On January 1, New Years Day, our calendar will spontaneously align with the lunar calendar in a beautifully synchronistic way. The beauty of beginning the New Year on a full moon (also referred to as the "Wolf Moon") is how it directs us to ring in the new year with an eye on what we don't want. The meaning of the Wolf Moon on New Year's Day is significant because it points to making some altercations in the way we form our resolutions.
Full moons are about harvest, and New Year's Eve is about setting goals. Ordinarily, the lunar calendar says to save the goal setting for a new moon, and to use the full moon to pull up the weeds and discard anything getting in the way of your best self. It can be tempting on New Year's Eve to forget about last year, and to rush forward to a blank slate as fast as you can. But the full moon asks us to reflect more. The full moon is about harvest, which means discarding the things that no longer serve us, the beliefs, the people, and the activities that actually hold us back from becoming the truest version of ourselves.
As you focus on the last year of your life during the full moon, consider what behaviors you could have left out. Think about the people, places and things that got in the way of you being the best you could be, and as you ring in 2018, consider how you'll phase those out as you form your resolutions.
Perhaps this year you made a ton of new connections who have helped you in your career but at the cost of your much-cherished solitude. Maybe you've attached yourself to a gym membership that ended up filling you with guilt instead of the "confident new you" they promised in the contract. Maybe you've said for years that you don't want to go home for Christmas anymore, but you always end up going because you allow your family to pressure you.
The full moon on New Year's Day will give you the push you need to get rid of these pointless habits that drain your energy and leave you feeling like your life isn't your own. Being true to your own instincts, and parenting yourself in all the ways that your actual parents didn't is part of what the moon's energy has to teach.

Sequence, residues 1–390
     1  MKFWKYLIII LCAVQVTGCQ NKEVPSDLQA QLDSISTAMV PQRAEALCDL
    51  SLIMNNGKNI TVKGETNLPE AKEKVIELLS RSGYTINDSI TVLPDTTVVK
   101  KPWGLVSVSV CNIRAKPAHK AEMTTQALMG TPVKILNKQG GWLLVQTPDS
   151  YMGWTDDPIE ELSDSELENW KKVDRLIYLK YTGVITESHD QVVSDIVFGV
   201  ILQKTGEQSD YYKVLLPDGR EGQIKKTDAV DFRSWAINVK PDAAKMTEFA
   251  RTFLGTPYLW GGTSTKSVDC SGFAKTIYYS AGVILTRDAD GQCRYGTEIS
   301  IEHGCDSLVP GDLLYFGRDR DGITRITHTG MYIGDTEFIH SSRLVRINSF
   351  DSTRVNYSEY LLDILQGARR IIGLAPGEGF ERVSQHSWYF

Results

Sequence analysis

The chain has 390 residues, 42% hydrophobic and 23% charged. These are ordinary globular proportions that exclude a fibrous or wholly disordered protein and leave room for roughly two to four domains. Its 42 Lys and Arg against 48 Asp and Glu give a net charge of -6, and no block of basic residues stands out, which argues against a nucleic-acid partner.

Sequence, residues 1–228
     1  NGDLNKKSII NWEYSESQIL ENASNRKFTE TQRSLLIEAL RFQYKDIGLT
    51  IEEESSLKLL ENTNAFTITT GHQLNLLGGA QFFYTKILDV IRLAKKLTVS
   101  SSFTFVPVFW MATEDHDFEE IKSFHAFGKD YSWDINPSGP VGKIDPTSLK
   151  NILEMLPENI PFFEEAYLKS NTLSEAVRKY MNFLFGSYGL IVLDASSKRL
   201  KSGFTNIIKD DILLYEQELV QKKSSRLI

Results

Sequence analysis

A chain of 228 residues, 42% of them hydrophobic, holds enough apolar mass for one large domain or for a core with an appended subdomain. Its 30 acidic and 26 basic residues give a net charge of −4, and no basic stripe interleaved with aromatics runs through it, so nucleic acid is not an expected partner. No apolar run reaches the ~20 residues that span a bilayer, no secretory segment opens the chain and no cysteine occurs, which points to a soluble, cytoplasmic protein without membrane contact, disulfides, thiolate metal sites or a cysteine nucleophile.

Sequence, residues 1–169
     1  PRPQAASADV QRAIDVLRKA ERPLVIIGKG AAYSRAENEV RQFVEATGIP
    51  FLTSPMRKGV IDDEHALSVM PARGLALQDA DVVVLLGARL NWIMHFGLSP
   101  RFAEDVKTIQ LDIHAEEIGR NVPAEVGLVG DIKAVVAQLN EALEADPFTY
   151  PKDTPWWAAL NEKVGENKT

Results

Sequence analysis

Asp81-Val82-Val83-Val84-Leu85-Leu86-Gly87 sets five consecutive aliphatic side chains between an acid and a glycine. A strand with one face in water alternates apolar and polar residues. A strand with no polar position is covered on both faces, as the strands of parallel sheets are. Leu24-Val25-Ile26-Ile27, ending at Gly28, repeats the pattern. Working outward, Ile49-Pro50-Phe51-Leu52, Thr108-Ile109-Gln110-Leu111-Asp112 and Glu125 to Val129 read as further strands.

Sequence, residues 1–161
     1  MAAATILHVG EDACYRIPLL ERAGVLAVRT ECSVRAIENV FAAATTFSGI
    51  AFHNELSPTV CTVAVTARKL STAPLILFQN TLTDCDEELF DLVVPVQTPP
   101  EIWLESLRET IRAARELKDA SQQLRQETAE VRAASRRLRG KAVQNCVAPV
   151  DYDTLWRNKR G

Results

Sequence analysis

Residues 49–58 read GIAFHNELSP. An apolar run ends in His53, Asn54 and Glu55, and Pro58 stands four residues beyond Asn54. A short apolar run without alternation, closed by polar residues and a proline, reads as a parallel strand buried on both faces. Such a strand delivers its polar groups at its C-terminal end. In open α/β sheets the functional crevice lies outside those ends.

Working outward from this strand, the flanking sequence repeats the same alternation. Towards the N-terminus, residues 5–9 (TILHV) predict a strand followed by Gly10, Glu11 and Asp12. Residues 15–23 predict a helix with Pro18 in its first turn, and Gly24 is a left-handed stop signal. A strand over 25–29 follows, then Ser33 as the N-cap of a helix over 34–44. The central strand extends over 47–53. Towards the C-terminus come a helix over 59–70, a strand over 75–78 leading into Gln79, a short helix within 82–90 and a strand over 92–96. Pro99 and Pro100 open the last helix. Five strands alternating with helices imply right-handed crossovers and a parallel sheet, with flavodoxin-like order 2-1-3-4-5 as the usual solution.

One good resolution that sticks to the theme of the lunar calendar's harvest time is to stop saying yes when you actually mean no. The amount of things I agree to do when I know, deep down, I'm not going to want to do them when the day finally comes is infuriating. This year, make a resolution to stop wasting your time on anything that isn't true to your own wants and needs, and stick to that.
The moon governs our childhood upbringing, our relationship to our parents or parental figures, and the ways we developed emotionally in the world; therefore, a full moon and in a new year is the perfect time to consider these things.
No parent is perfect, so there are obviously going to be areas of our lives where we are lacking in our emotional development. Consider where yours lie, and don't be afraid to be brutally honest, so long as you are able to do so without judging yourself. In fact, forgiveness and compassion might be the first area you come up against while you reflect on this. Ask yourself: where in your own life are you emotionally stunted, and what can you do within yourself to change that? What beliefs can you discard? What habitual patterns can you see yourself breaking? What stands in the way of your desire to be more spiritually fit? These are the questions that can form your resolutions for 2018.
Working with the power of the full moon will amp up the desire behind what you resolve to do — and desire is really the thing that makes us succeed or fail at those resolutions.